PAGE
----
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Teen Gunman Meets Father, Pleads Guilty

September 20, 1989 GMT

McKEE, Ky. (AP) _ A teen-ager pleaded guilty to holding 11 classmates hostage at gunpoint for up to 10 hours, then got his demand to see his father for the first time in 13 years.

Dustin Pierce, 17, had said during the siege Monday at Jackson County High School that he was angry with his distant father and wanted to see him. The boy, who had stormed the school with a shotgun and two pistols, surrendered after firing two shots.

″There’s a lot that has been resolved. There’s also a lot that needs to be resolved. We’ve got 13 years here to get caught up on,″ the father, Donald Pierce of Delray Beach, Fla., said Tuesday.


″We talked,″ he said. ″There was a lot of misunderstanding, a lot of ...″

His voice trailed off and Pierce dropped his head in his hands and cried.

The younger Pierce on Tuesday pleaded guilty to 26 counts of kidnapping and wanton endangerment at a juvenile hearing. Hours later, he met with his mother and father, whom he hadn’t seen since he was 4, at a State Police post, Detective Robert Stephens said.

″When we were negotiating, we agreed that this meeting would take place,″ Stephens said. ″We agreed with them we would not talk about what they said and we are not going to.″

The family later emphasized that Dustin didn’t want to hurt anyone during the standoff.

″He just wanted to see his dad,″ said his mother, Carol Pierce.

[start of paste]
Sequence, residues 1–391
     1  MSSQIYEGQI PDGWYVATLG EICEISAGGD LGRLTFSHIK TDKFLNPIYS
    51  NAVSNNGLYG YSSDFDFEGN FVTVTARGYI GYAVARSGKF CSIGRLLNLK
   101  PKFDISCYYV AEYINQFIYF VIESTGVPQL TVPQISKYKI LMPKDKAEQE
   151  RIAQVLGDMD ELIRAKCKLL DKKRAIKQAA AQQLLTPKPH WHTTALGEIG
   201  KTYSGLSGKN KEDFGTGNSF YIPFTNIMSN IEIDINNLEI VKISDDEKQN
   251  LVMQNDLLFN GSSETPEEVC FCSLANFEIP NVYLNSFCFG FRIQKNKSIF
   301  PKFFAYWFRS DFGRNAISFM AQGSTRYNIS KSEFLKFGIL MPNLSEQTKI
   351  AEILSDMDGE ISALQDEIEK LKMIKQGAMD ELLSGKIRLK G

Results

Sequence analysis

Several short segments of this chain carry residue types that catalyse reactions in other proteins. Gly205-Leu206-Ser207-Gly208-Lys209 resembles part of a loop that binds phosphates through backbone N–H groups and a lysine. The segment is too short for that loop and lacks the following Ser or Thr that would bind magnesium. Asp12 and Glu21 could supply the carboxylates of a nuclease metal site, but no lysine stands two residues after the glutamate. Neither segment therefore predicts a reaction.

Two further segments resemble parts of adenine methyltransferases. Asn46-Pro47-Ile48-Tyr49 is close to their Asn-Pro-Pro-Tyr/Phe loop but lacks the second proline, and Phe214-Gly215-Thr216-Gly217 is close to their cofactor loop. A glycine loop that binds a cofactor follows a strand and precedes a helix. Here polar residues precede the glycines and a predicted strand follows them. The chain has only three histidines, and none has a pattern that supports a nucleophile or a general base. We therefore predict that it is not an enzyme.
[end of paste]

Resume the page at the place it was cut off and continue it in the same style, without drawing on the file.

Clay County Attorney Clay M. Bishop Jr. said he decided to prosecute Pierce as a juvenile. That means the boy, who turns 18 in July, probably will spend less than a year in custody. If tried as an adult, he could have received 325 years in prison.

″I think what you’ve got is just a scared, mixed-up little kid,″ the prosecutor said. ″He didn’t appear to us to be a criminal. We’re just trying to do what’s best for him.″

Pierce was held for psychological tests. No sentencing date was set.

Police said the normally well-behaved, straight-A student blew out a classroom window with a shotgun shortly after taking over his world-civilizati on class at the 500-student school in the rolling Appalachian foothills. No one was injured.

″He was real nice. He didn’t want to hurt anybody,″ said Brian Bond, 17, one of the hostages and a close friend.

The boy apparently was acting out the scenario of a Stephen King novel, ″Rage,″ in which a youth takes over a classroom in pursuit of what the author describes as a ″pathological rage fantasy about his father.″

King, who lives in Bangor, Maine, said he believed that Pierce was acting out ″Rage″ even before it was reported that police had found the novel in the boy’s home. But he denied that the book was to blame for the incident.

″If they didn’t do it one way, they would do it another way,″ he told the Bangor Daily News. ″Crazy is crazy.″